Cleveland Clinic experts on warding off roller coaster mishaps, the latest mammogram guidelines, salmon and more.
Q: We love roller coasters as much as our kids—but a day at the amusement park leaves us feeling beat up all over. How can we get our thrills without paying for it later?
A: Roller coasters can be both a thrill—and a pain in the neck. Bending forward, along with the twisting and rotation from sudden turns, increases pressure at the back side of the disc where your spinal canal is located, and can exacerbate disc problems. Bending backward puts more force on the spinal joints, which can aggravate arthritis. Even “tame” rides can lead to pain later, especially if you’re already tense or sore, as any sudden, forceful movements can set off muscle spasms. Loosening up tight muscles before getting on a ride might help to reduce spasms. And drinking plenty of water helps keep discs hydrated, dispersing forces more evenly, which may reduce problems. If you’re still paying the price the next day, take heart: Pain and minor strains suffered after a fast, jarring ride tend to respond well to cold packs and over-the- counter anti-inflammatory medications like ibuprofen.
—FREDRICK WILSON, DO, director of the Cleveland Clinic Center for Spine Health
Q: I’m still confused about when to start getting mammograms— and how often. Can you help?
A: You’re not the only one questioning the standard recommendation to begin yearly mammograms at age 40. But despite recent findings showing that they cut the risk of death for women in their 40s by just 15 percent (compared with around one-third for women in their 60s), we at Cleveland Clinic are sticking with the current guidelines, as is the American Cancer Society. But mammograms do come with concerns. They can’t determine conclusively whether lumps are cancerous—for that, an invasive biopsy is needed. As many as 7 out of 10 lesions are benign (harmless), based on biopsy results. So researchers are working to improve screening tools. Cleveland Clinic and other major breast cancer centers are testing Imagio, a system that uses both sound and light waves to generate images of the breast. Imagio offers a real-time view of blood oxygen levels, which could be a powerful predictor as malignant tumors use more oxygen than benign growths. It also allows us to see what’s happening at the edge of a tumor, where growth occurs. Imagio is one of many tools that could back up the results of mammograms and allow us to be more effective at detecting cancer early.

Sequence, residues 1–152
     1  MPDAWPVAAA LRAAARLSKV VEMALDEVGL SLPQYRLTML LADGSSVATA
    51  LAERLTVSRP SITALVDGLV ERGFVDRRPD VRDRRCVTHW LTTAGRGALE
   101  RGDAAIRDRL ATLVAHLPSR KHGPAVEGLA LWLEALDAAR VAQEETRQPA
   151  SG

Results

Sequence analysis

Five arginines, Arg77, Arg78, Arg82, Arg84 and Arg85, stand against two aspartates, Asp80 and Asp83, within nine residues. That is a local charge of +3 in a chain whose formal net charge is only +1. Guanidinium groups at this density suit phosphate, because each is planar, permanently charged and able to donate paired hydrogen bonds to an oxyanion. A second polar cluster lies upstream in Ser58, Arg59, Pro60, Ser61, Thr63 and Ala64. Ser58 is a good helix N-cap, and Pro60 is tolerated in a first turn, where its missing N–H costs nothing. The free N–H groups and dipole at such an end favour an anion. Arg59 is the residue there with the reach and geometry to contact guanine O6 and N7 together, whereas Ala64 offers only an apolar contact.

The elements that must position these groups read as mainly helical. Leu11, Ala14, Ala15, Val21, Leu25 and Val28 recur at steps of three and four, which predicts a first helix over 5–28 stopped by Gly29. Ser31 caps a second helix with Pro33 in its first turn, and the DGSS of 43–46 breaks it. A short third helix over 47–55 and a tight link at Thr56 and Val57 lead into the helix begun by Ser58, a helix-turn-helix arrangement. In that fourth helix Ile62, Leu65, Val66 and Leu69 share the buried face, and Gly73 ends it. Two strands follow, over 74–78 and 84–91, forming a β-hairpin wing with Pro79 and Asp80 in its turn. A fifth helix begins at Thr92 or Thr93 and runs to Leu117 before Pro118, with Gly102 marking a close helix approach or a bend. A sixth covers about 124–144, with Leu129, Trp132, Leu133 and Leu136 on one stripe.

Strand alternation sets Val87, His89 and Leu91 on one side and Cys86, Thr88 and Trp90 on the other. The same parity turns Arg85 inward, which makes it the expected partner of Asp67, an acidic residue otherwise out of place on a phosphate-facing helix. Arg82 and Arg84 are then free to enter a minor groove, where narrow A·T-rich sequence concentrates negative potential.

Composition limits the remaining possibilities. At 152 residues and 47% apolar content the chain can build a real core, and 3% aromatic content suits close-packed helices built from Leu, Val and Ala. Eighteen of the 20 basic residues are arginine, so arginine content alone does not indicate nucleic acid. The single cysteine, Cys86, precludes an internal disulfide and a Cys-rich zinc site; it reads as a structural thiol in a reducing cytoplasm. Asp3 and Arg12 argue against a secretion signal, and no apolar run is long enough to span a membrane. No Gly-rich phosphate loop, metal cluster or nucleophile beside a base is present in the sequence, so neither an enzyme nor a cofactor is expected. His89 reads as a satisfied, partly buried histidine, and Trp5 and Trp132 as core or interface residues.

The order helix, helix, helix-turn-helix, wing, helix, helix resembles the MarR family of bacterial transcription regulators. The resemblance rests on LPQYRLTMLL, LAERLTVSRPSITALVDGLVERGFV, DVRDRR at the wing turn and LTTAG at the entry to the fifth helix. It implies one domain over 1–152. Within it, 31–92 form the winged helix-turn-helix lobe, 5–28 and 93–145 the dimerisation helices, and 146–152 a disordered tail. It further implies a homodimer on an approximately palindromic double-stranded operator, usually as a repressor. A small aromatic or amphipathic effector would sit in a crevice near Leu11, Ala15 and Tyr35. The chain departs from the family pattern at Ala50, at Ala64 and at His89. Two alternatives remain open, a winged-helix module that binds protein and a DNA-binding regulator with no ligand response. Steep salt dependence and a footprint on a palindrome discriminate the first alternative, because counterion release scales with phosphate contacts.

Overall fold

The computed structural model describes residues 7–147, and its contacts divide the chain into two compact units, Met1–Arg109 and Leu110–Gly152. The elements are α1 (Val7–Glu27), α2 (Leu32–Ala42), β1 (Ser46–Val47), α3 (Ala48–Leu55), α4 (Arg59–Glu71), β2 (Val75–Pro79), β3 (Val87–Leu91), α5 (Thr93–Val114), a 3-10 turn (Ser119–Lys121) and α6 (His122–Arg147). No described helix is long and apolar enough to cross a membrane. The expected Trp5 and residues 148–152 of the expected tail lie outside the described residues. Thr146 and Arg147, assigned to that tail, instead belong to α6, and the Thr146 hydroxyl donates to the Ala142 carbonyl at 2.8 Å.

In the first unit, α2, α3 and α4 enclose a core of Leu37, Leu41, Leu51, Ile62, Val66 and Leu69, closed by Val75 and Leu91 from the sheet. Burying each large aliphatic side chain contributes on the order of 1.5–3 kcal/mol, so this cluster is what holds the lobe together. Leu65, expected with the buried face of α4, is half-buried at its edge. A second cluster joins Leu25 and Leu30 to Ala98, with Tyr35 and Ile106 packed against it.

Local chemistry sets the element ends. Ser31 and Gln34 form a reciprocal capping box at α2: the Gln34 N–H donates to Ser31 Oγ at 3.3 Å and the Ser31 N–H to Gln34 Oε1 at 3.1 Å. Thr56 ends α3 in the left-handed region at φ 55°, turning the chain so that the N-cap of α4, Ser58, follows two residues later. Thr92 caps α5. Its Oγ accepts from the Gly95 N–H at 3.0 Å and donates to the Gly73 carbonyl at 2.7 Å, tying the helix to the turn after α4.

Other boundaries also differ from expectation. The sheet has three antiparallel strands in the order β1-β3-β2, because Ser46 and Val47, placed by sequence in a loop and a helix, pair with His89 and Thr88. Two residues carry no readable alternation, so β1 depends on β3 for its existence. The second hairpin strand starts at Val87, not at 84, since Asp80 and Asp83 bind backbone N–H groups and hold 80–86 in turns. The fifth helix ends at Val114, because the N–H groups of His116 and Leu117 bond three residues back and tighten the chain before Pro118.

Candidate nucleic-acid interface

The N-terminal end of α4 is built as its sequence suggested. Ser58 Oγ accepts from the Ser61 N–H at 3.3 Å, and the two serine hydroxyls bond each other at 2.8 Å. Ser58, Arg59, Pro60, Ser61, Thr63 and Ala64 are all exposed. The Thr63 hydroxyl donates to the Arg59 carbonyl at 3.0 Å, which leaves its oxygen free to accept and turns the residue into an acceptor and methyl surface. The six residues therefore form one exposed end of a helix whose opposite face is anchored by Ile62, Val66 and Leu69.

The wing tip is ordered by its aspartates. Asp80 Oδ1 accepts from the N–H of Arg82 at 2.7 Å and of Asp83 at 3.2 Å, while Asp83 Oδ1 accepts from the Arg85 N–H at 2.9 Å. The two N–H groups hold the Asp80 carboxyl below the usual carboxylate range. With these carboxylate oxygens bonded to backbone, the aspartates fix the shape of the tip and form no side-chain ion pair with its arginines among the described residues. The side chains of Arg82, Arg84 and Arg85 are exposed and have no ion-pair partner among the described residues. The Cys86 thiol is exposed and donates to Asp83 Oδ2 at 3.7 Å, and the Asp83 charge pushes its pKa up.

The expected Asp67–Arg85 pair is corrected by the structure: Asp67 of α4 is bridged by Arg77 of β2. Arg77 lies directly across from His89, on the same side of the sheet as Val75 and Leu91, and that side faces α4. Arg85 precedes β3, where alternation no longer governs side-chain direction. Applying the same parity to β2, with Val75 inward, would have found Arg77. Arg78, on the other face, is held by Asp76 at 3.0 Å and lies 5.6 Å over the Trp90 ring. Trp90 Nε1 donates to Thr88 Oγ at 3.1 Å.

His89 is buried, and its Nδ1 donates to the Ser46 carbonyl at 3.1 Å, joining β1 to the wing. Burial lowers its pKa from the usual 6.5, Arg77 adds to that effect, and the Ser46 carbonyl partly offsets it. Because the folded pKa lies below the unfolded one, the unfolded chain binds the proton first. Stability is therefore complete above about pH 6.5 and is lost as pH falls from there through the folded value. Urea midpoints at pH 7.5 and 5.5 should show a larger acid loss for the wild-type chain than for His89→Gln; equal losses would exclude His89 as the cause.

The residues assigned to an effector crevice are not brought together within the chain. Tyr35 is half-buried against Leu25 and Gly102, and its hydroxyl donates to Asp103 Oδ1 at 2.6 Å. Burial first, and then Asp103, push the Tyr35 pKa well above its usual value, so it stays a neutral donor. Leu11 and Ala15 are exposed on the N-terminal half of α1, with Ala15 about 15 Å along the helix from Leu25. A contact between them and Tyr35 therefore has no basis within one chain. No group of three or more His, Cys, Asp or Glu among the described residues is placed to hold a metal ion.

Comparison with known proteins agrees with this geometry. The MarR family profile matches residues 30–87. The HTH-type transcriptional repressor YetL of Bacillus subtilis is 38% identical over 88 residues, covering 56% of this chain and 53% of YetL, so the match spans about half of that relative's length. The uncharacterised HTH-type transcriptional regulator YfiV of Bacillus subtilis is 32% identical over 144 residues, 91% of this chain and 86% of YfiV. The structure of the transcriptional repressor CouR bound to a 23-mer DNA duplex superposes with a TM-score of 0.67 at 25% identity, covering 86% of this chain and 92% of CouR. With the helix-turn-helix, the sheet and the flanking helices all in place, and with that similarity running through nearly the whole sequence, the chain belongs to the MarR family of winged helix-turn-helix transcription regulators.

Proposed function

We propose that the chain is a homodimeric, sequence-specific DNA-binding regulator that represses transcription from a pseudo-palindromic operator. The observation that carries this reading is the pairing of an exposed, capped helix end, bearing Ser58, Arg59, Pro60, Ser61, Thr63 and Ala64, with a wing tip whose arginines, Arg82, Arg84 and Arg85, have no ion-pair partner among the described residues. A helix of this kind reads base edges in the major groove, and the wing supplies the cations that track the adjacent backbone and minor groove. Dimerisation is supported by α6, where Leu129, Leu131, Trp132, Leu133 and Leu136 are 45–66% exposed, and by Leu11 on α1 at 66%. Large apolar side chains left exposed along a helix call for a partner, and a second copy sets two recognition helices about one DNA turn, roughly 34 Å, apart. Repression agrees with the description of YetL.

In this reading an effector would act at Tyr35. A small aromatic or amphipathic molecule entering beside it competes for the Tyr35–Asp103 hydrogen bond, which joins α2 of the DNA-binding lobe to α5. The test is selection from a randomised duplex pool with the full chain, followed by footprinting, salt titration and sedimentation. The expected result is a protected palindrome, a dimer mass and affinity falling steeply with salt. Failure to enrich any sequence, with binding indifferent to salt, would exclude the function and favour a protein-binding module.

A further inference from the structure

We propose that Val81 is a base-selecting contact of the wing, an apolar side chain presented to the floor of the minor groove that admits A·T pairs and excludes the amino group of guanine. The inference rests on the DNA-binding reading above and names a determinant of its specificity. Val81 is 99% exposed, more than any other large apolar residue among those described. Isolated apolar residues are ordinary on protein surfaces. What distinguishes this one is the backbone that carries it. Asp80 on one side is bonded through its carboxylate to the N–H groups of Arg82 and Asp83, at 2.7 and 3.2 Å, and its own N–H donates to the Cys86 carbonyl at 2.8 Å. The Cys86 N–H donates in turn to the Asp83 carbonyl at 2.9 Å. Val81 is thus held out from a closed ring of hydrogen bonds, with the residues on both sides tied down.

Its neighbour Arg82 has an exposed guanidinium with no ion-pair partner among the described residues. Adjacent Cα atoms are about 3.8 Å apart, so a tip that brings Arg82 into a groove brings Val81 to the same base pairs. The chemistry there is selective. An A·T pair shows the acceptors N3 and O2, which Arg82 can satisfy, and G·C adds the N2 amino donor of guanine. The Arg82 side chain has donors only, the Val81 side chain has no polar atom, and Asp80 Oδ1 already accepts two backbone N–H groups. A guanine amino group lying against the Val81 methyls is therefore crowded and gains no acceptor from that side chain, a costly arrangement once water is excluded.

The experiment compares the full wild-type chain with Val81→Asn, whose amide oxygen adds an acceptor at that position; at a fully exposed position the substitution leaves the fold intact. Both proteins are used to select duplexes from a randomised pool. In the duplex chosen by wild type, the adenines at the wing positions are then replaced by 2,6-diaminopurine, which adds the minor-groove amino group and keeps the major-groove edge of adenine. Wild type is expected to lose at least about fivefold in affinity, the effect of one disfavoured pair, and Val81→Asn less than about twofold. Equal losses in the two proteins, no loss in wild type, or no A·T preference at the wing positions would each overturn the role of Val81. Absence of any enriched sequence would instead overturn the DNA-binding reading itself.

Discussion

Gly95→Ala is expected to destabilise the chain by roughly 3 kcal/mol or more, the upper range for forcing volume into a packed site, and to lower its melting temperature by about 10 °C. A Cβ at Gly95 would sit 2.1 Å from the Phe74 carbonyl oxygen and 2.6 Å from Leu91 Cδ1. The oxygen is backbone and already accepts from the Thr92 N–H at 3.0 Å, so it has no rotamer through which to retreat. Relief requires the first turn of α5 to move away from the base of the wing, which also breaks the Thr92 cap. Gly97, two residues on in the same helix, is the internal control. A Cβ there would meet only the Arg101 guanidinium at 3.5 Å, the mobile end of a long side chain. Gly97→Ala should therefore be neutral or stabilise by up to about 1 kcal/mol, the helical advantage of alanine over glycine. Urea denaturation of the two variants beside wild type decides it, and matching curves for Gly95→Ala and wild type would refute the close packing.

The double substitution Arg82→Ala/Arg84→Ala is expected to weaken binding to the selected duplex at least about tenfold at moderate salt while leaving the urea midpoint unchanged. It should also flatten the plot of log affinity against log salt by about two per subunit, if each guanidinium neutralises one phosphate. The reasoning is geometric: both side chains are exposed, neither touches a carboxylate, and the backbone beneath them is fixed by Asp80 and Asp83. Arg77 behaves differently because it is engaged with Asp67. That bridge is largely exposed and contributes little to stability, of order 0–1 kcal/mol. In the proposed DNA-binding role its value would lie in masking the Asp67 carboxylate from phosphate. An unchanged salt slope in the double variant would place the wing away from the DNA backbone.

—STEPHEN GROBMYER, MD, section head of surgical oncology and the director of breast services at Cleveland Clinic
Q: What’s the better choice— wild or farmed salmon?
A: Both types of salmon offer nutrients we need. But it’s becoming clearer that the risks associated with farmed fish are higher—so your best bet is to keep it wild. Here’s why: Nutritional content. A small wild salmon fillet has 131 fewer calories and half the fat of a farmed salmon fillet. Farmed salmon may have a bit more omega-3 fatty acids, but it also has 20.5 percent more unhealthy saturated fat. Risky pollutants. Persistent organic pollutants (POPs) are linked to Type 2 diabetes, obesity and stroke in women. Levels of one type are five to 10 times higher in farmed fish. Unsafe contaminants. In recent studies, toxins in farmed salmon exceeded the levels considered safe for frequent consumption by the Environmental Protection Agency.
—KRISTIN KIRKPATRICK, MS, RD, LD, registered dietitian at the Cleveland Clinic Wellness Institute
Cleveland Clinic, home to 120 medical specialties and subspecialties, is consistently named one of the nation’s best hospitals by U.S. News & World Report. Visit them online at health.cleveland- clinic.org.